At Aaron M. Black Law, you will receive personalized legal services. You will always be talking directly to me at every step of your case.

Begin your DUI defense immediately by calling 480-729-1683 at any time, on any day, and I will respond promptly unless I am in court on at trial. Or use the online contact form on my website.

I defend DUI cases throughout Arizona, including Maricopa, Pinal, Yavapai, and Coconino County Superior Courts.
 

About the Author

Aaron Black is the founder and sole attorney of the Law Office of Aaron Black. Located in Phoenix, Arizona, his DUI and criminal defense law firm provides legal services to people who have received felony or misdemeanor charges from the state.

Aaron has developed a strong interest in defending people who have been arrested and received criminal charges for driving under the influence. With his professionalism and knowledge of Arizona DUI and criminal law, he has acted as a check and balance on the police, prosecution and courts and has protected a great number of his clients from excessive and unfair sentencing.

Along with DUI defense, Aaron handles a range of other criminal defense matters, including aggravated assault, burglary, domestic violence, drug possession, drug trafficking, fraud defense, insurance fraud, sex crimes, and white-collar crime cases.

After graduating college in 2003 from the University of Arizona, Aaron decided to pursue a law degree. He followed a family long tradition and went to the University of South Dakota School of Law where he pursued his goal of becoming a criminal defense lawyer.

After passing the Arizona and South Dakota bar exams, Aaron joined the Maricopa County Office of the Public Defender where he defended hundreds of people charged with serious criminal offenses. His work as a public defender helped him sharpen his litigation skills and gave him a unique insight into the Arizona criminal justice system.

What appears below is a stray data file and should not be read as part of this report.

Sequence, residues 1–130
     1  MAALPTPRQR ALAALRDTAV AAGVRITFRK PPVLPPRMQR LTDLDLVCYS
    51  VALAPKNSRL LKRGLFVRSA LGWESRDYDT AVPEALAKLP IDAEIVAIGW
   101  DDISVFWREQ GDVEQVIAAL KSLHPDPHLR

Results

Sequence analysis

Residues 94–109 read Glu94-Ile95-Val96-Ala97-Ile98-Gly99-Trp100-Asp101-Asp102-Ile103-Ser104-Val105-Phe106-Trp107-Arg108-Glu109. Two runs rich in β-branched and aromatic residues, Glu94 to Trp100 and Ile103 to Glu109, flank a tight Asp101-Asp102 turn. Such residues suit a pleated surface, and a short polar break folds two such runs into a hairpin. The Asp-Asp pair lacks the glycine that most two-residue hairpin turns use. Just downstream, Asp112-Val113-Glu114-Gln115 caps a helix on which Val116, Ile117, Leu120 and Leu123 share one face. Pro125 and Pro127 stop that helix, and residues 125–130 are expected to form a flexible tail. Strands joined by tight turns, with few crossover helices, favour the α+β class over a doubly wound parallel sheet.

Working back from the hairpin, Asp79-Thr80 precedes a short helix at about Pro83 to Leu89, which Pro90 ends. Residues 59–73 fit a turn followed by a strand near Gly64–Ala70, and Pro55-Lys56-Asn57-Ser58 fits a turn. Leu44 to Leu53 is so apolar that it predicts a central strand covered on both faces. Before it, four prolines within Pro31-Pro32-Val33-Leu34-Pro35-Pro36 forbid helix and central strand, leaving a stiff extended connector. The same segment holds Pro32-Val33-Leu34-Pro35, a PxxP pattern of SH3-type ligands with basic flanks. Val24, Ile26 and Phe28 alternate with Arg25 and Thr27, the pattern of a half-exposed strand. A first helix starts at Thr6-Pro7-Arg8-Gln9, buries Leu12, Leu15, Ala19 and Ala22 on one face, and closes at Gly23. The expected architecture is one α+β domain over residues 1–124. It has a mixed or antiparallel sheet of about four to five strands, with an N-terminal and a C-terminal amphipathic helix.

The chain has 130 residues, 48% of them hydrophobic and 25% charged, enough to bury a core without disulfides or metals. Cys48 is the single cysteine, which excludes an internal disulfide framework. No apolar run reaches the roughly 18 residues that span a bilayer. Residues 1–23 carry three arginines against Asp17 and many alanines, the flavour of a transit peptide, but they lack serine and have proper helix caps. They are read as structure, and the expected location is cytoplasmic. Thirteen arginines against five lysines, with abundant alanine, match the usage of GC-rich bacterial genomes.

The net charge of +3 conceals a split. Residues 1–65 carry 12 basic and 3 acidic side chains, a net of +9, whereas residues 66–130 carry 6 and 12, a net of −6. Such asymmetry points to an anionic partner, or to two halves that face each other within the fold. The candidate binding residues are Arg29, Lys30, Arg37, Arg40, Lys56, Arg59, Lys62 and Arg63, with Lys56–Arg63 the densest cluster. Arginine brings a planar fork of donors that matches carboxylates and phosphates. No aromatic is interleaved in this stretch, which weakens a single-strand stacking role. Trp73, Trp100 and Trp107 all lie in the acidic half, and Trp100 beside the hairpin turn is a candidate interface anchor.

Over the course of his 15-year legal career, Aaron has spent a considerable amount of time in both Arizona justice, municipal, state and federal courts. He has argued over 50 jury trials, tried over 100 bench trials and has become one of the highest-rated criminal and DUI defense attorneys in Phoenix and the surrounding areas. He has received a 10/10 rating from the legal directory Avvo because of his legal background and successful case record. Since 2014, he has received the Super Lawyer rating for his work as a Phoenix DUI and criminal defense attorney.

You can review Aaron’s Attorney Bio page for more information about his background, education and experience as a Phoenix DUI and criminal defense attorney.
In light of the Coronavirus pandemic, I wanted to inform clients and potential clients I am still available for consultations. I am always available by phone, text and/or email. We can also use Facetime for social distancing. The criminal justice system is not stopping due to COVID-19.